We beat the drum slowly and played the fife lowly,
And bitterly wept as we...
- "The Cowboy's Lament"
One of our own, one who's been with us from the very beginning, has heard the river calls its name. Our microwave. My girlfriend put a dish in it the other evening, some butter to melt actually, and arcs of, well, I guess microwaves, were visible to one and all. Up to that moment, the waves had been invisible and soothing. Now, they were all macro and angry. Once an oasis of reheating, now a portal to some sci-fi scene.
We grieve the loss of this old friend. It was a wedding gift. Eighteen years ago it found us and we found it, a perfect match. We never named it, like we do our cars; we just always referred to it as, well, microwave. But now it sits, umbilical cord cut from mother electricity, display darkened forever.
Kent Meyers wrote a fabulous book, The Work of Wolves, that has an entire chapter titled "The Religion of Broke." One of the minor characters felt that every time something broke, it was the result of spiritual forces hellbent on breaking stuff. One of the other characters, a major one, refused this belief; he reckoned that after so much use and so much time, stuff just, well, broke.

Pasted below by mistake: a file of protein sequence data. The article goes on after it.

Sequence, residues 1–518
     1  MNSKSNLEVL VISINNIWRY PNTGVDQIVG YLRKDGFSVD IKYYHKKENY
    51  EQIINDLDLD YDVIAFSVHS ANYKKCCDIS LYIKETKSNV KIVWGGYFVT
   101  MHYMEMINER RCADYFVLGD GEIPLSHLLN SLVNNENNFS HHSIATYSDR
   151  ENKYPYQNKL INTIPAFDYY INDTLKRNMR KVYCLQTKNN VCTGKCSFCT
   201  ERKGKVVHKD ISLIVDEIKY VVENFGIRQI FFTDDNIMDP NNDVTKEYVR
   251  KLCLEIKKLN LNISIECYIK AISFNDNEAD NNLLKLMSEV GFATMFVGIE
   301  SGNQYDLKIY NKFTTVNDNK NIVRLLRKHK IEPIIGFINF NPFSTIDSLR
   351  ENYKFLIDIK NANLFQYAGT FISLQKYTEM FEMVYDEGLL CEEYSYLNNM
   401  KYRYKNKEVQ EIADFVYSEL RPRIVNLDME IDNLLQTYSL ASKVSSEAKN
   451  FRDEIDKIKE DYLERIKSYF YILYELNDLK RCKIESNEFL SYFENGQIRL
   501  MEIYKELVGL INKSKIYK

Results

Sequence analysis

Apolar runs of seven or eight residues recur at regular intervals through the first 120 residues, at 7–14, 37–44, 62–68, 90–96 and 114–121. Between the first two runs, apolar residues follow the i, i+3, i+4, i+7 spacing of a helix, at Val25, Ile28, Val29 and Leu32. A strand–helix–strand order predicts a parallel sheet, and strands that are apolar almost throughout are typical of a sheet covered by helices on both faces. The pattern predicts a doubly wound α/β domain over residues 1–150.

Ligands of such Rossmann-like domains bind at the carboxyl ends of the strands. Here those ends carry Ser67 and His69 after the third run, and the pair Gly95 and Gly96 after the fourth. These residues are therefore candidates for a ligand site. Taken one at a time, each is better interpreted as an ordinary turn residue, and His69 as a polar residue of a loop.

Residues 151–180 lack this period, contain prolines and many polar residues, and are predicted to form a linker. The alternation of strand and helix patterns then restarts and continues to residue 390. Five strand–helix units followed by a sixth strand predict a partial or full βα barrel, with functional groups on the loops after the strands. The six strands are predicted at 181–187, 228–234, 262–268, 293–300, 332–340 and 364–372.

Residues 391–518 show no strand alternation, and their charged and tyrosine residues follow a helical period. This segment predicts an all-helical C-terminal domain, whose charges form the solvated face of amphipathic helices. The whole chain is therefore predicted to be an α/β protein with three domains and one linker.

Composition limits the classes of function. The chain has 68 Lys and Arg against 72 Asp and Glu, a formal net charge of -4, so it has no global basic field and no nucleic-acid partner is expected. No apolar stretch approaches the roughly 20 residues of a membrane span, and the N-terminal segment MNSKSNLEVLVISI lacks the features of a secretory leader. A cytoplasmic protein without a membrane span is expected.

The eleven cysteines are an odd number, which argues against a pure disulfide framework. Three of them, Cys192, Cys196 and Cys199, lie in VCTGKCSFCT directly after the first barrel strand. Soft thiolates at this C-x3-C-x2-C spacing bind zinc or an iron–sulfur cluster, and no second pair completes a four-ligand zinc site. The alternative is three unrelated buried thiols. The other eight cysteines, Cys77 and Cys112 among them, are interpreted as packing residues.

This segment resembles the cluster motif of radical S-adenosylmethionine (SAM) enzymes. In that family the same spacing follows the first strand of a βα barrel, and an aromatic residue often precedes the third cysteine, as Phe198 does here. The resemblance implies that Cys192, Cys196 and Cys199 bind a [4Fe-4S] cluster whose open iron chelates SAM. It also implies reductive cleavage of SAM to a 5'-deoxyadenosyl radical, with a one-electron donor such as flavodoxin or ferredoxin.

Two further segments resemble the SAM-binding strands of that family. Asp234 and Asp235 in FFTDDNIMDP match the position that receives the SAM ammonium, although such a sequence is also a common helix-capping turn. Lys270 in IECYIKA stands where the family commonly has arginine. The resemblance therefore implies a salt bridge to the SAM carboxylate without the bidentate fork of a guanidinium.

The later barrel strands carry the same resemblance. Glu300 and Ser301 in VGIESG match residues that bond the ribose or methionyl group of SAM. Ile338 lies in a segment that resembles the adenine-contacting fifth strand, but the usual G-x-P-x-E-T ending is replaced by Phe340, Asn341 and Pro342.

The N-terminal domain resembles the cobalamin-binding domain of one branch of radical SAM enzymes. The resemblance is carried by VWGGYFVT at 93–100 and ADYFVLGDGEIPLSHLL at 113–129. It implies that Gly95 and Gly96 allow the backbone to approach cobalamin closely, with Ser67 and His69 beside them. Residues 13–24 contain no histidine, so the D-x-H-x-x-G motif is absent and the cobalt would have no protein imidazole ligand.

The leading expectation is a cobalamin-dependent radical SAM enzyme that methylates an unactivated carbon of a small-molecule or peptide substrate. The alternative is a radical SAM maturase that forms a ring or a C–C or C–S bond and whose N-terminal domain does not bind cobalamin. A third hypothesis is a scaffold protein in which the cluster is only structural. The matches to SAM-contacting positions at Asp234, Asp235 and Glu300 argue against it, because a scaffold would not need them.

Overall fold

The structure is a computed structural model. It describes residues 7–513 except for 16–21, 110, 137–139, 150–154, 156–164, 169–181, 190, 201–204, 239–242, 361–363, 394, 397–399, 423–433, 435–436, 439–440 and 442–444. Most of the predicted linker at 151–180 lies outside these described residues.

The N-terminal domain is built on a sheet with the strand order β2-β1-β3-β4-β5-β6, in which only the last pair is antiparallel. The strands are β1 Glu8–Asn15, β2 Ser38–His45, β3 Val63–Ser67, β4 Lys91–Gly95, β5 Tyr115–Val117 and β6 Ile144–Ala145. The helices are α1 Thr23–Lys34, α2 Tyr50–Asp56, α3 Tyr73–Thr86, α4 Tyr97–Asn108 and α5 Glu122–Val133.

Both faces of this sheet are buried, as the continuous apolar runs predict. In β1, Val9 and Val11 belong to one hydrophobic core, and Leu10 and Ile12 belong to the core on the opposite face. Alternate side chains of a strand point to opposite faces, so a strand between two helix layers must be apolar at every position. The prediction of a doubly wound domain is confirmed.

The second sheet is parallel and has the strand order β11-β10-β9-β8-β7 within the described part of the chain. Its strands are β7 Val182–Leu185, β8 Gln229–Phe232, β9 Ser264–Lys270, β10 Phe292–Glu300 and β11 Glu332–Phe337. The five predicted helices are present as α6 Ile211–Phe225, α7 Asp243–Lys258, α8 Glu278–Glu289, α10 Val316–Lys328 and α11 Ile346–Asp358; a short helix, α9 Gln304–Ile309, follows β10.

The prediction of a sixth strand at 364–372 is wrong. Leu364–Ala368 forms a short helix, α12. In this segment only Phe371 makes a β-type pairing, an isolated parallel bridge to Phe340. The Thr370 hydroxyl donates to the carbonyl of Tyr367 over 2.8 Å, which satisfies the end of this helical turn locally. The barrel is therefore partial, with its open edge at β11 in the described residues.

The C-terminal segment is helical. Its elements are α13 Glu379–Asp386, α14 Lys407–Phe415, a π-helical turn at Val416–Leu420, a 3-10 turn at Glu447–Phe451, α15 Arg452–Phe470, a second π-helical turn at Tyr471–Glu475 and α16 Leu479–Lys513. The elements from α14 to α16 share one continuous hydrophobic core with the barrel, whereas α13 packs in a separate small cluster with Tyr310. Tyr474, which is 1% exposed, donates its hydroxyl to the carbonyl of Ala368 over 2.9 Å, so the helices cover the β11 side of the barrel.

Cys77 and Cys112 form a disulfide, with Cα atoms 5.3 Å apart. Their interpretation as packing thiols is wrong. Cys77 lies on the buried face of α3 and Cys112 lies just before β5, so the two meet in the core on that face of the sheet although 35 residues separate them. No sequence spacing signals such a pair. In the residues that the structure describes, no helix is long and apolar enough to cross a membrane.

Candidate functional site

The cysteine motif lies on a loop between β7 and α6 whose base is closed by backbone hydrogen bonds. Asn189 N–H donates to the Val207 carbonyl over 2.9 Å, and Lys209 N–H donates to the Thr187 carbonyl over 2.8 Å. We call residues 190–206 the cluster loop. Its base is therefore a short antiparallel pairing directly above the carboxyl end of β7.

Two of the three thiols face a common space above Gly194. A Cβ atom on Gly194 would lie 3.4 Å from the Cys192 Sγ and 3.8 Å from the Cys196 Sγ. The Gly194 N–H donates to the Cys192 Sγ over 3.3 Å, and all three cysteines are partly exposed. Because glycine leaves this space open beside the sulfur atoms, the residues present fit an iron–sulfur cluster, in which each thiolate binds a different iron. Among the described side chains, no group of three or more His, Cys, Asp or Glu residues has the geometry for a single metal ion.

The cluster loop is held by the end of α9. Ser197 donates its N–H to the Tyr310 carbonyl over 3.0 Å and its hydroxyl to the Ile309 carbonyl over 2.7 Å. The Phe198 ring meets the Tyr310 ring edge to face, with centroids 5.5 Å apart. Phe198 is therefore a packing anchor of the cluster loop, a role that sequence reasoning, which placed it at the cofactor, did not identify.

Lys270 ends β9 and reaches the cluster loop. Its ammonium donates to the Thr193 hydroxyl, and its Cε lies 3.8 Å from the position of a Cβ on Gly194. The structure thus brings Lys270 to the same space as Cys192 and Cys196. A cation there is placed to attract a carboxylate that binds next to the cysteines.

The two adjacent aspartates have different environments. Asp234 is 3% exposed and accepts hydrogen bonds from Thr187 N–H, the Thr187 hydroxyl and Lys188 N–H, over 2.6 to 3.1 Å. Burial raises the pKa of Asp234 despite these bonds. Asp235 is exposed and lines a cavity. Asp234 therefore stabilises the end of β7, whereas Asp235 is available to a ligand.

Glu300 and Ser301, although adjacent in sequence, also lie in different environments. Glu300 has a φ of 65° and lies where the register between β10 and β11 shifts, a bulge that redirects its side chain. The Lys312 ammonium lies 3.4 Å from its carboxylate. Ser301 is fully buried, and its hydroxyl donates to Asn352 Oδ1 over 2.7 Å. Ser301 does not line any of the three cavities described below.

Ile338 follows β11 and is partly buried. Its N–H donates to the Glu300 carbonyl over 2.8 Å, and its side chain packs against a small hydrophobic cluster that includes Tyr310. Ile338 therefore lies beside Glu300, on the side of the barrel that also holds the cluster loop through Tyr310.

I really liked that character, the major one, and his perspective.
We've got a hunch or two as to why our microwave oven will warm no more. But the larger story here, I believe, is that after eighteen years of everything from melting butter, not margarine mind you, to reheating chili to defrosting chicken, this friend of the family just, well, broke. It's what happens when you use something to the very end, maybe even when you love something to the very end.
The girlfriend and I have a few other things we received during the wedding bliss, stuff that's been with us eighteen years or so. We don't have a lot of stuff like that, but a few things. I guess the most obvious stuff would be, well, us; we've both got each other and we've had each other for eighteen years now. That's a long time.
There's not too much I want written on my tombstone. At one time, I really thought so brave, young, and handsome would've been quite fitting, but that was when I thought I might die young, you know, like one of those angst-ridden poets or something and my widow would come each day to my plot and lay fresh cut jasmine and weep for her love. But now, here in my 40s, I kinda think my epitaph of choice is: he loved her till the very end, then he broke. Or as George Jones sang: he stopped lovin' her today.